Lamont said he learned lessons from his business career in the governor’s office, seeking to modernize state government by streamlining interagency communications and relocating many departments — from DMV appointments to commercial depots – on line. The final step in this effort, Lamont said, is to increase the efficiency of the Department of Social Services so that applicants for government supports such as food stamps are automatically directed to other available resources, such as training programs. professional or energy aid.

In response to the governor’s comments, Stefanowski’s campaign backtracked on Lamont’s description of her professional and political record, which she said glossed over lingering issues such as the size of government debt bondshigh taxes and rising inflation.

“Let’s face it, when it comes to budget management, if it weren’t for the billions in federal pandemic relief funds he received on a silver platter from Washington, Ned Lamont would be the second comer. of [former governor] Dan Malloy, Stefanowski’s campaign said in a statement Monday. “It’s pretty clear that Bob Stefanowski is much more qualified to control inflation, reduce utility costs and make Connecticut more affordable.”

Stefanowski also pointed to an accusation often leveled against Lamont’s record as a corporate executive: that Lamont’s cable company struggled with a secondary line of business – the installation of cable and telephone services in planned development communities – and the future governor was forced to lay off around 75 employees during the housing crisis of the mid-2000s, while taking a salary of over $500,000.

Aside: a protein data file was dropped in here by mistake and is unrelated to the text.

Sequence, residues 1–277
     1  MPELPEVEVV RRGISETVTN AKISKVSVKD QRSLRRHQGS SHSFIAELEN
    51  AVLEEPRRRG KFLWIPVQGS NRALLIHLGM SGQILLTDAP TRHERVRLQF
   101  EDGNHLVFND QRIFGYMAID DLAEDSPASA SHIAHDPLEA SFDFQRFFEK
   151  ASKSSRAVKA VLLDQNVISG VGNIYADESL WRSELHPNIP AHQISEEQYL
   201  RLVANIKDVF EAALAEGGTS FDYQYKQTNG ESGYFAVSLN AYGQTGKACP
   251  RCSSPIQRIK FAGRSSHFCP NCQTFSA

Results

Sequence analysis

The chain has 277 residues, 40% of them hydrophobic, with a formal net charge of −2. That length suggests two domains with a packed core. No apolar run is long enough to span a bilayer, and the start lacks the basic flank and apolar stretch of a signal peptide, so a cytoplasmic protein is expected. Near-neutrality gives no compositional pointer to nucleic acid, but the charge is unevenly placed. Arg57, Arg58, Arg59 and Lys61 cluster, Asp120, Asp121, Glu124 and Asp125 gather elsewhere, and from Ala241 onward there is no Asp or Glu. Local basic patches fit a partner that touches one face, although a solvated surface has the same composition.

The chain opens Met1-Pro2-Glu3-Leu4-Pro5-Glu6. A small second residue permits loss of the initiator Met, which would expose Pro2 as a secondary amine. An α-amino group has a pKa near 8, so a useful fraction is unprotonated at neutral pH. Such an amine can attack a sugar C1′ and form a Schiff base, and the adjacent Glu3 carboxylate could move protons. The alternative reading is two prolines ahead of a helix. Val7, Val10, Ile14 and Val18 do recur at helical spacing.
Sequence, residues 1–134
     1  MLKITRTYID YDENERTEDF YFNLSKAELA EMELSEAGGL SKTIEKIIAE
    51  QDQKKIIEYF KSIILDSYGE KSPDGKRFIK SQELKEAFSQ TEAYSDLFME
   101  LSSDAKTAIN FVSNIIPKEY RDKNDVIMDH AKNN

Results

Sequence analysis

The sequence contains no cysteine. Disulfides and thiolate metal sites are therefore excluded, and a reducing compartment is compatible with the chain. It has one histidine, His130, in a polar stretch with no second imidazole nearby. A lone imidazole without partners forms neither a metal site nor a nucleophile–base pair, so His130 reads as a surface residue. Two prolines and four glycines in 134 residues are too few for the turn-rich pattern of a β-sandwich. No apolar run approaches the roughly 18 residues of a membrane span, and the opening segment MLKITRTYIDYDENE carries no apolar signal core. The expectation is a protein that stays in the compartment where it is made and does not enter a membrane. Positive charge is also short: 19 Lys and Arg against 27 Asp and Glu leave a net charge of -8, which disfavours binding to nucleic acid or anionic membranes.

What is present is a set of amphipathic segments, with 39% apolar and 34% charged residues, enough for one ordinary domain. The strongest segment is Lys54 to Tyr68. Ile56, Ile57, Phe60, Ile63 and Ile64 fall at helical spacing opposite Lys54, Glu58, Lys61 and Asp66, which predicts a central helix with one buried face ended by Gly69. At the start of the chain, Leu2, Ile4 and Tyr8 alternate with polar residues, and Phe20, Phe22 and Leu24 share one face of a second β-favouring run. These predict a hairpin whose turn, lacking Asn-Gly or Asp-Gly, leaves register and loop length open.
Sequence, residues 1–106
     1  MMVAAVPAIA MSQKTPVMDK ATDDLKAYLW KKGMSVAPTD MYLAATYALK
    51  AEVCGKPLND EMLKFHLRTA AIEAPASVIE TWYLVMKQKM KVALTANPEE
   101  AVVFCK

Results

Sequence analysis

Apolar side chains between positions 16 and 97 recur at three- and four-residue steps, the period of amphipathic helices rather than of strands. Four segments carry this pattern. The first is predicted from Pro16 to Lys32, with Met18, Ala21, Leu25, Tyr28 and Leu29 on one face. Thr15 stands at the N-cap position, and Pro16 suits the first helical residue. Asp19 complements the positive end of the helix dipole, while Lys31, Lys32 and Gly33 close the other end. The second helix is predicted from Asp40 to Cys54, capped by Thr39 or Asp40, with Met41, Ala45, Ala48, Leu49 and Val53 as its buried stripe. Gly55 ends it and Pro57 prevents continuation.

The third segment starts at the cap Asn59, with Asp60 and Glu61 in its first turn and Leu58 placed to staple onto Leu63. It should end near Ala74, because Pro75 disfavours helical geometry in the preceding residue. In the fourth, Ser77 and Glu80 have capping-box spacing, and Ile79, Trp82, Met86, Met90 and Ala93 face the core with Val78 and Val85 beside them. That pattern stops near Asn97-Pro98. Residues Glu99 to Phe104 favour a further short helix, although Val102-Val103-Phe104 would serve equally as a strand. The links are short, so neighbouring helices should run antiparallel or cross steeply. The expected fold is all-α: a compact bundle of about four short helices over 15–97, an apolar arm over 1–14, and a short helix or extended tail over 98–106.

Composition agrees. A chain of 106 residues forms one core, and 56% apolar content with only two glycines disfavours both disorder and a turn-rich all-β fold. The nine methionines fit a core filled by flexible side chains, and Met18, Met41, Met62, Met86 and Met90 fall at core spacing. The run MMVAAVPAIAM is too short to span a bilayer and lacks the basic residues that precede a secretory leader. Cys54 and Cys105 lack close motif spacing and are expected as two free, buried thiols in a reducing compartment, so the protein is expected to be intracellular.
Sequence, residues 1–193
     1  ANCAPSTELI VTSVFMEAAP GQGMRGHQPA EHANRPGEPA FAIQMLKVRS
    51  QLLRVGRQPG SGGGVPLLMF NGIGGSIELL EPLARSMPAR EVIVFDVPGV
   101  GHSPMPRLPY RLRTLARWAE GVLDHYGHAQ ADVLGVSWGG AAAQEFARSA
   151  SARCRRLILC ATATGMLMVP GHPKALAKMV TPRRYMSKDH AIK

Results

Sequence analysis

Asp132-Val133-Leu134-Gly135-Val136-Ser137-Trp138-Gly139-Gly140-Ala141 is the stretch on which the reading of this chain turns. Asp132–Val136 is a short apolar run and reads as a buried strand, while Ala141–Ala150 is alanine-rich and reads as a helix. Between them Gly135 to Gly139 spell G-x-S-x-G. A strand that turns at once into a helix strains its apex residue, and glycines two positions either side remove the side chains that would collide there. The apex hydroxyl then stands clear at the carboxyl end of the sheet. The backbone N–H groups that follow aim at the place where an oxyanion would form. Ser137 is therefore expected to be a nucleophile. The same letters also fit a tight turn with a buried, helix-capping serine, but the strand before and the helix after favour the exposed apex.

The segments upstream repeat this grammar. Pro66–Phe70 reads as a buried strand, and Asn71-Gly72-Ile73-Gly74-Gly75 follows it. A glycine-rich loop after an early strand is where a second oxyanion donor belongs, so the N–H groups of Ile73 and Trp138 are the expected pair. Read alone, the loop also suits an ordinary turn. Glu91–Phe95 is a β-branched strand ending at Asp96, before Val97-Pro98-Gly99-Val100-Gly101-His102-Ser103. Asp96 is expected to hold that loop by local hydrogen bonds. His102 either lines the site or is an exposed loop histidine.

Although the exact details of the company’s restructuring have not been made public, Lamont insisted that the layoffs were limited. “All the guys on the front line kept their jobs, a lot of them moved on to the new employers,” he told Hearst columnist Dan Haar during his debut campaign against Stefanowski in 2018.

On Monday, Lamont spoke in more optimistic terms of his early days after buying several small cable companies in the 1980s, saying the staff was small enough that he knew everyone. Later, with a client list of hundreds of colleges and universities through the company’s largest division, Campus Televideo, Lamont said he remained familiar with much of the workforce, in saying “You live and breathe together.”

Lamont eventually sold Campus Televideo to a Philadelphia private equity firm in 2010. Years later, however, he said he took the same approach to managing state government, making sure to visit every agency and department to meet face-to-face employees, often injecting his own brand of optimism into the process.

“I started a business, I believed in my business, I believed in what we were doing. If I didn’t believe it, I wasn’t going to get anyone else to believe it,” Lamont said. “I feel the same way about the state of Connecticut. If you bashing the state and kicking the state, and bashing the state, it will be reflective.